For the fourth of my archive blogs I have chosen to talk about a very interesting item from our Duncan Grant collection. Titled ‘A Wayside Register’ and dated 1894 on its worn black leather cover; it is essentially a travelling scrapbook of disparate material accumulated during 1894 and the following years by Grant’s family. The book includes handwritten lists of guests to various parties in such wide-ranging locations as Malta and Rangoon, press cuttings, menus, invitations to social events, photographs and evening entertainment schedules pasted in apparently at random. The material inside the scrapbook offers a vivid snapshot of the kind of slightly exotic social whirlwind that the Grants and their peers lived in. Included is a fold-out handwritten schedule for a billiard tournament in Rangoon, including dinner rules and entrance fees: some of the former being quite strict, for instance rule number three dictates that there should be no champagne, while rule number four has it that guests were allowed just ten minutes after the meal to smoke. The patriotism of the period is evoked by a printed note of ‘The King’s Dinner’ from July 1902 for King Edward VII and Queen Alexandra, along with a recitation of the National Anthem. There are numerous photographs and press cuttings relating to events of passing interest in the news, including one story from a French newspaper of a Canadian, Lieutenant George Smyth, jumping with a canoe from the Invalides Bridge, Paris, into the Seine. The story goes on to say that after this feat Lieutenant Smyth calmly bailed out his craft, climbed into it and floated off down the river. Loose photographs slipped inside the pages provide us with a tantalising glimpse into past lives. Fragile and yellowing with age, the photos show, variously, the frontispiece of an almost laughably ornate Indian temple; a girl named ‘Nora’ playing with her dogs in her garden during some balmy long-forgotten July; images of boats and yachts, and of the people merrily holidaying aboard them. Duncan Grant himself and his mother, Ethel Grant, appear on a list of guests invited to Paris. Overall, this scrapbook offers a fascinating insight into times gone by.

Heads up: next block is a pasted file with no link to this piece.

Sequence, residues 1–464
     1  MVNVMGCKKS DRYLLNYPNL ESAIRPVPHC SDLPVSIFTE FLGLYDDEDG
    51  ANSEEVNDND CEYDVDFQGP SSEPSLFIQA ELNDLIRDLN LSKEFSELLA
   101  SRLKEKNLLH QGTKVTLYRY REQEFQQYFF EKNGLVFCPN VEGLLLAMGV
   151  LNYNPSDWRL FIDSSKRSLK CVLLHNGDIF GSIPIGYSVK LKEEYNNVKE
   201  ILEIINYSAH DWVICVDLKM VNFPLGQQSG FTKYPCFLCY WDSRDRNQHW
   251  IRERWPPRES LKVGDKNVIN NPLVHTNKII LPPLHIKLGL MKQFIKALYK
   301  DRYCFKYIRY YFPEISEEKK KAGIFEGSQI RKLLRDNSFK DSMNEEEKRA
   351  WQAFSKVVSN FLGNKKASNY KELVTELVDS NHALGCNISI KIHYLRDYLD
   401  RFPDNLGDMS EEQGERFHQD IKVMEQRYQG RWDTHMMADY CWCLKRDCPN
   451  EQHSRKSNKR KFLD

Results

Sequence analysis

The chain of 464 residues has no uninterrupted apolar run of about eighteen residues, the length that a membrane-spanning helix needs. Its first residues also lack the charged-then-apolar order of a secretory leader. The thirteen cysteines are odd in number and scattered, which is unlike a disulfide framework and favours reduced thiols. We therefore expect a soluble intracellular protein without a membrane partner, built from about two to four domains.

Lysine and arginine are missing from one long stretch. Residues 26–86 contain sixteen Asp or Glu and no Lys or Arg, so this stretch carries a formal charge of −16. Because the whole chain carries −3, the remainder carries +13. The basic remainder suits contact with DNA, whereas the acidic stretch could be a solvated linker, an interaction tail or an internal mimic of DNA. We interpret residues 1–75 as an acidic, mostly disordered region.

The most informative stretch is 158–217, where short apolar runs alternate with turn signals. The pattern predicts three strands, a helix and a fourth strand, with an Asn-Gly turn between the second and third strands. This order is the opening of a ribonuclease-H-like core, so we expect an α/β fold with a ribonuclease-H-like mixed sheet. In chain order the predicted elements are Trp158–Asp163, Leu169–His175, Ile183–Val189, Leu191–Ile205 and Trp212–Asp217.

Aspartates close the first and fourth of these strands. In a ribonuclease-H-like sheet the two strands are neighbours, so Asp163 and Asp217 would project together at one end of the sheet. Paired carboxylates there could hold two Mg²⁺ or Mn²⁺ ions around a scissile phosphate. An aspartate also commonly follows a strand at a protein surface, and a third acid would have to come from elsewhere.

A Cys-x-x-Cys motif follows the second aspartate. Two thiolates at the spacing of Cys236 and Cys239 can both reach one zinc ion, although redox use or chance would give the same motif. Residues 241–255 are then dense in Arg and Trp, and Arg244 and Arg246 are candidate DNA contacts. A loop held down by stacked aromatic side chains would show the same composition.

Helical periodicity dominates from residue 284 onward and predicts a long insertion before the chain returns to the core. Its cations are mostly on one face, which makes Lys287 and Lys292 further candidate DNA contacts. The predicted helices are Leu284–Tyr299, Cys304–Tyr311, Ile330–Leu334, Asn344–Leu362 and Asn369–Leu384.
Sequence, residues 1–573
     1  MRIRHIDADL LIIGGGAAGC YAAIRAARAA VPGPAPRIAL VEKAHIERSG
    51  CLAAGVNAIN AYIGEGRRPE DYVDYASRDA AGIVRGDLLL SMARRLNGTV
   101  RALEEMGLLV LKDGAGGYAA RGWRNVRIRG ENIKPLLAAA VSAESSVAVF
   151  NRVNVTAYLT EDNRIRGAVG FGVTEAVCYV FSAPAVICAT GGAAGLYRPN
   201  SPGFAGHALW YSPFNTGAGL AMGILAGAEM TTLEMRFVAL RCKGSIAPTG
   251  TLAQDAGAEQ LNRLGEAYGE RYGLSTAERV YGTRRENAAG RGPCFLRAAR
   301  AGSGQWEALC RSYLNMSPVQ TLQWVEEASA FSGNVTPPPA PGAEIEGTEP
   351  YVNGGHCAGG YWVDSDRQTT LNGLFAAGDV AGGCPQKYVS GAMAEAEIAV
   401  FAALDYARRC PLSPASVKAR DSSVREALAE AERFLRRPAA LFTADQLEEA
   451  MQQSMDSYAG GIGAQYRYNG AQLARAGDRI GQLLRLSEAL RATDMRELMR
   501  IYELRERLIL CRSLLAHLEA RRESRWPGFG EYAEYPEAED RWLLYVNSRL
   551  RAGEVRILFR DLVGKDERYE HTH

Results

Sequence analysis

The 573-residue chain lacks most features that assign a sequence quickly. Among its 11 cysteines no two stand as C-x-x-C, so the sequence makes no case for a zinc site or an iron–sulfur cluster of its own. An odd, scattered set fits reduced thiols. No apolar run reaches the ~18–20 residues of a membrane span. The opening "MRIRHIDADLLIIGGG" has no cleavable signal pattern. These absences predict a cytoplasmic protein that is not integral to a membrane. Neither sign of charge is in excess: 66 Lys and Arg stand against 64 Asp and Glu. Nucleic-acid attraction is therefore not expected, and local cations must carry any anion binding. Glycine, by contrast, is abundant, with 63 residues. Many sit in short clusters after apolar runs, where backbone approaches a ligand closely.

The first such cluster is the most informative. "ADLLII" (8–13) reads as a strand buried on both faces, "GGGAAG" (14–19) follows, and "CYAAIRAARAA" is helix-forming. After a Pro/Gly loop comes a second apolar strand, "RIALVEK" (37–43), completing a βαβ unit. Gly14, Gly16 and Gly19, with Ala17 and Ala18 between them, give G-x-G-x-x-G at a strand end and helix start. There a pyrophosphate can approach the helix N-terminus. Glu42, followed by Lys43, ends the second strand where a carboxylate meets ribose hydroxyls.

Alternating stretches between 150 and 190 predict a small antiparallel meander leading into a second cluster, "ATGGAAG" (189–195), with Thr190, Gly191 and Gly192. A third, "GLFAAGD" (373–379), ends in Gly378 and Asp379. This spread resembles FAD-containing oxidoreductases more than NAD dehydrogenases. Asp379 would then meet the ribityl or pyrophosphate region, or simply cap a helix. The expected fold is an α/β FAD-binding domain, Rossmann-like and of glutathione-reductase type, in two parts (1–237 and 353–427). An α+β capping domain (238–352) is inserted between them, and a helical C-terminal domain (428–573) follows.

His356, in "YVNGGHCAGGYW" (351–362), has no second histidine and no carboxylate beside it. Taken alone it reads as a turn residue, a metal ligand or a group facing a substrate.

Do you have anything in your own family archives that provide a similar window into the past?
Written by David Pilling